I noticed that a lot of people have printed their stencils out on cardstock and cut them out. I am deathly afraid to run anything heavier than a piece of regular computer paper through my printer. I fear I may jam it and, being a student, my printer is my life! Haha so I was wondering, is it possible to use acetate sheets instead? Does anyone know if they are easier or harder to cut or if they do or do not print well?
Another little question about cardstock: Must you change your printer settings to run it through? Would you need to change the settings with acetate?
Okay, so I've heard of all three of these before and seen the lovely work done with them. But what in the heck are they exactly? How can I get started playing around with them? If anyone has a bit of a beginner's tutorial or some explanations I'd be very grateful. The work done on these programs just look absolutely lovely. Do you have to pay for the software to make those images? Or can it be downloaded for free? Any tips on how to get started?
I'm sure one of my knowledgeable fellow Craftsters knows!
Now, if I wasn't an uberpoor University student maybe I'd buy this and support the designer, but as of right now I can't afford it - $97 US translates to WAY TOO MUCH in Canadian dollars, and the shipping will kill me!
I figure a light, breathable fabric with a bit of stretch would be perfect for this type of shirt. What do you guys think? Post me some fabric suggestions.
Also, I am very afraid of messing up the two side drawstring parts. I am going to make my shirt all black and use black thread so that any really horrible sewing mistakes can be pretty well masked, but I am not sure I have my head around the mechanics of sewing drawstrings in, I've never tried them before.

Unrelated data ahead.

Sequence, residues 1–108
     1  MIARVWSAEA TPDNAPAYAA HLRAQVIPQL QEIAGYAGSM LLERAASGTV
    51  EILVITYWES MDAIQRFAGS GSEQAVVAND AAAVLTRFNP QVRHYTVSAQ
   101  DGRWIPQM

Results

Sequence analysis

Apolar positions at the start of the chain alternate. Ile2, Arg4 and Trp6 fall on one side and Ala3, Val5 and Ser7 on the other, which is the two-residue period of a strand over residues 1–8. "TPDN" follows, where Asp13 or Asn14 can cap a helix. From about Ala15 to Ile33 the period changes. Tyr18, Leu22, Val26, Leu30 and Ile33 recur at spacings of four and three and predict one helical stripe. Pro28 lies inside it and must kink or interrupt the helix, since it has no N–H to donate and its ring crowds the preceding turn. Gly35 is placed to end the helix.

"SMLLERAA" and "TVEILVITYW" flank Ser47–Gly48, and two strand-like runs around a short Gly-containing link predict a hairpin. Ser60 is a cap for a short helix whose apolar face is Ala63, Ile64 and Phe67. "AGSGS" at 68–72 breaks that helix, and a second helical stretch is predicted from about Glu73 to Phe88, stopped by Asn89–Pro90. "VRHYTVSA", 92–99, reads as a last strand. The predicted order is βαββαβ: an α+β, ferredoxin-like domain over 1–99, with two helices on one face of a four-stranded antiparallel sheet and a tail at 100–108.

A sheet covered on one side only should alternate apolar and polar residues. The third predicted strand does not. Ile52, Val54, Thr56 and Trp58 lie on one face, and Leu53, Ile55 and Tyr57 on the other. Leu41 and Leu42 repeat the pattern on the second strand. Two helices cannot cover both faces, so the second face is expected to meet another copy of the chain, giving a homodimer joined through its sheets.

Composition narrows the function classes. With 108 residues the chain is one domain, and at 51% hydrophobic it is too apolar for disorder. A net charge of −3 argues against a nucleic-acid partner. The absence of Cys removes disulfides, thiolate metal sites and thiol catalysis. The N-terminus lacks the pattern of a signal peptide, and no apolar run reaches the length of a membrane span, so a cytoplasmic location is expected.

If anyone has a pattern similar to this, suggestions about the fabric I should use or ways to install these two side drawstrings I would be ever-so-grateful! It's heating up here and I need a nice breezy summer top! Thanks everyone!
i bought textile medium to mix in with my acrylic paint for stenciling on t-shirts.
i have two questions about the medium:
first of all, the package says to mix 2 parts medium to 1 part acrylic paint, but i could've swore i read somewhere on here to mix them 1:1. do the amounts vary according to the product brand or is the consensus that mixing them 1:1 is more effective?
other questions: for heat setting, my instructions say to let the stenciled shirt dry for SEVEN DAYS (wow) before heat setting. I assumed after maybe a day you could heat set it. am i totally wrong in that assumption? lol
I am in charge of wedding invitations for my sister's wedding. I have some great ideas, but I need to know how I can affix regular computer paper to cardstock without getting out the glue (which will just make the paper ripple) . . . I thought of Mod Podge, but I am afraid it will make the paper ripple as well. Has anyone tried to do this before? What should I use to make it look professional? Thanks guys!